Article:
21st century, Association for Supervision and Curriculum Development, Bill & Melinda Gates Foundation, Cooperating School Districts, International Center for Leadership in Education, Penn Foster, Relationships, Relevance, Rigor, school culture
Raymond J. McNulty is the Chief Learning Officer at Penn Foster and a Senior Fellow to the International Center for Leadership in Education. Prior to joining the International Center, he was a senior fellow at the Bill & Melinda Gates Foundation, where he worked with leading educators on improving our nation’s high schools. In addition, Ray is a past president of the Association for Supervision and Curriculum Development (ASCD).
An educator since 1973, Ray has been both a teacher and administrator. In the early 2000s, he served as Vermont’s education commissioner. During his tenure, Ray focused on aligning the Department of Education’s work on three key issues: early education, educator quality, and secondary school reform.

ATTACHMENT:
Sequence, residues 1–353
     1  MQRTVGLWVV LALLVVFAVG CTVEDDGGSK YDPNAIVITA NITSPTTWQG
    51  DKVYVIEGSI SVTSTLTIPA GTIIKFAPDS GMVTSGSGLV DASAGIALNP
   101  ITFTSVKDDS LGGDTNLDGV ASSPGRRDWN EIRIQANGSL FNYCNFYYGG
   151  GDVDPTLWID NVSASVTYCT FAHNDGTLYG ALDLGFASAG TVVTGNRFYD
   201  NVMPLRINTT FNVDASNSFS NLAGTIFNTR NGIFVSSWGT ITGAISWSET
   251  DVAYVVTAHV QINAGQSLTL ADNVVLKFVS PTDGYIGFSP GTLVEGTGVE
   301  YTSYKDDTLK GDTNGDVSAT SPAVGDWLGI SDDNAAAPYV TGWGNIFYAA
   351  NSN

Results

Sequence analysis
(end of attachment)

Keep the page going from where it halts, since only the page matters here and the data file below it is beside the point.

He is committed to raising performance standards for both teachers & students and to building solid connections between schools and their communities. Ray believes that education systems cannot wait for the children and challenges to arrive at school; rather, schools need to reach out & help forge solutions.
Cooperating School Districts welcomes back Ray to St. Louis in January and April to discuss Supporting Rigor, Relevance, and Relationships in the 21st Century with Quad D Leadership and Creating the Schools We Need.
This month, Ray will share how educator’s agenda should be plain and simple: create a new, vibrant educational system driven by rigor, relevance, and relationships for all learners. This full-day session will describe how they contribute to building 21st century systems, schools, and classrooms founded on the 3Rs: rigor, relevance, and relationships. Later this spring, during a 4-hour seminar, he discusses how to make the needed transformation in schools, where educators must be the agents of the change. Leadership and teachers must engage in empowerment of all staff and students. The academic success of students has to be paramount, but real turnaround involves much more than test scores.